Generous pension benefits have long been a magnet attracting workers to Brazil’s public payrolls, and a major contributor to a government deficit that stood at 2.6% of gross domestic product at the end of last year. The benefits go to a small but privileged group, retired civil servants; the costs cripple the government’s efforts to invest in economic growth.
It’s a problem because it affects GDP growth…
The government’s huge expenditures on items such as pensions and payrolls and its lack of savings are often blamed for the economy’s stop-start growth pattern – illustrated by the rapid overheating and slowing down of the economy over the past two years.
Good news… or is it?
Brazil’s lower house of Congress approved a few days ago the main guidelines of a bill that caps government pension payments. In a 318 to 134 vote, lawmakers approved changes that limit at 3,916 reais ($2,300) the amount the federal government can pay each month in pensions for retired public servants. Good news, but… before celebrations start, something similar was done in 2003: on August of that year, Lula secured the approval in the lower house of Congress of the crucial reform of public-sector pensions… the bill passed by 358 votes to 126, but not much progress was made since then. It just shows how difficult such reforms are in Brazil – it has been in the making since 1998.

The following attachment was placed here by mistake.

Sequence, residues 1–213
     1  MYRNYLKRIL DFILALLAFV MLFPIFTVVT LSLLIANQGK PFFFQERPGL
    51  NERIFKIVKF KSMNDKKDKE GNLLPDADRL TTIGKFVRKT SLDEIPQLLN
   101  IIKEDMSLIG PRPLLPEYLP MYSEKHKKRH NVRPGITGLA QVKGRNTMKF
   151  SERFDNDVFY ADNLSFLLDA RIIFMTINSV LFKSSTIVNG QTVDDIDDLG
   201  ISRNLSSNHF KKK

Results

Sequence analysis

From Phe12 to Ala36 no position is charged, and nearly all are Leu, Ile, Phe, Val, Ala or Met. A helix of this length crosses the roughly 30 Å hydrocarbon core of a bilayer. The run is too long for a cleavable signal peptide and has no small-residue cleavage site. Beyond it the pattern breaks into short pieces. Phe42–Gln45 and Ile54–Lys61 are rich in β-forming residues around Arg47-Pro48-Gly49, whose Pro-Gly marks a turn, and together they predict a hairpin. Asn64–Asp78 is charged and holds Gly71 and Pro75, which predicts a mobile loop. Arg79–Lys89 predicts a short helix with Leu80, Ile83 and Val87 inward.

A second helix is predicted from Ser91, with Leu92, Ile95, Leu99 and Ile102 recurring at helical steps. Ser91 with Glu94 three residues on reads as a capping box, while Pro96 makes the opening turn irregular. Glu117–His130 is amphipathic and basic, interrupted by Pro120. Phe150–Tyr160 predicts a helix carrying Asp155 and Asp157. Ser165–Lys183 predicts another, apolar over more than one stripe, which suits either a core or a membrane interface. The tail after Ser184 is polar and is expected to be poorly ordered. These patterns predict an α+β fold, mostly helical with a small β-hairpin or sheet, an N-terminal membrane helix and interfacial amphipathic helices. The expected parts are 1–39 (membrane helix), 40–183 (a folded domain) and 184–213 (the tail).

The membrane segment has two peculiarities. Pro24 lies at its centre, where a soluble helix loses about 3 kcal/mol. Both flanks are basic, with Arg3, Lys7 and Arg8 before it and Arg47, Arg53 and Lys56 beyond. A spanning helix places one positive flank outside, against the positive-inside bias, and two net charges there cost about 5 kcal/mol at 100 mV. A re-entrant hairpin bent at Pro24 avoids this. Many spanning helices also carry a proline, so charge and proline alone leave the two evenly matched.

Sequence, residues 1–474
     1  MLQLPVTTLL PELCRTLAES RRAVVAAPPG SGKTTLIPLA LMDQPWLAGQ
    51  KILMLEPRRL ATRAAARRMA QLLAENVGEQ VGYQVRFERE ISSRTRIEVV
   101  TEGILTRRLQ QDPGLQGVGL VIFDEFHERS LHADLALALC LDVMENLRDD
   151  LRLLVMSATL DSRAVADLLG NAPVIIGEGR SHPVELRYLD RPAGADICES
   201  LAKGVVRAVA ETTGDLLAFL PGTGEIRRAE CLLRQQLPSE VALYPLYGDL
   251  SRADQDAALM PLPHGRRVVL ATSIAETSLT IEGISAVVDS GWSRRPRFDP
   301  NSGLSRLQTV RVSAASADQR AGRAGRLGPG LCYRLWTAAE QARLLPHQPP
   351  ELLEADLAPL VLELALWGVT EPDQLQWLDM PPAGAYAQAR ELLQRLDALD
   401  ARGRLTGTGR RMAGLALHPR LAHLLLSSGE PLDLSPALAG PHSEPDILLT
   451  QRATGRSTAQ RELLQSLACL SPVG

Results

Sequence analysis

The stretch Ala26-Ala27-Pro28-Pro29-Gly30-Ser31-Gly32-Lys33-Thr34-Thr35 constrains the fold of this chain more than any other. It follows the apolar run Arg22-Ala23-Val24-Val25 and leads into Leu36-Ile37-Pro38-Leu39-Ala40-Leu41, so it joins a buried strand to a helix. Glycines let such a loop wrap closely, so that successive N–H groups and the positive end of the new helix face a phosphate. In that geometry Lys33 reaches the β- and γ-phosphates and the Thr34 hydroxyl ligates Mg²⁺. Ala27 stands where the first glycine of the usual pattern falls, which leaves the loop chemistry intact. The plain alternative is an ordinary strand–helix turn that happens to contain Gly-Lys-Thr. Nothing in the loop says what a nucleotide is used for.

Brazil’s pension system is characterized by imbalances. In 2010, the general social security system for private sector workers, providing pensions for 24m people, cost the equivalent of 6.8% of GDP. Meanwhile, the system for public sector workers cost 2.1% of GDP but only covered fewer than 3m people, according to research by Itaú-Unibanco, a Brazilian bank. That meant civil servants’ pensions were costing the government far more than those of private sector workers per person.
Overall, social security payments dominated by pensions were a major contributor to the country’s 2.6 per cent fiscal deficit last year. This burden will only get worse. As living conditions improve in Brazil, its relatively youthful population will start to age.
Still according to FT, the huge outlay on pensions restricts the money that the government has available for investment in infrastructure, education and other areas, contributing to inflation by restricting the capacity of the economy to supply goods and skilled labor. Higher inflation leads to higher interest rates. The high recurring pension bill also creates a need for lofty taxes, raising the cost of doing business in Brazil and putting more upward pressure on prices.
In view of the still high public debt the government should implement more public sector austerity measures to reduce the fiscal deficit and to prevent the public sector debt from rising further. Measures to do so could be a reform of the complicated tax and the generous pensions systems, but … progress in those fields is rather unlikely.
Sources: Financial Times, Bloomberg, The Economist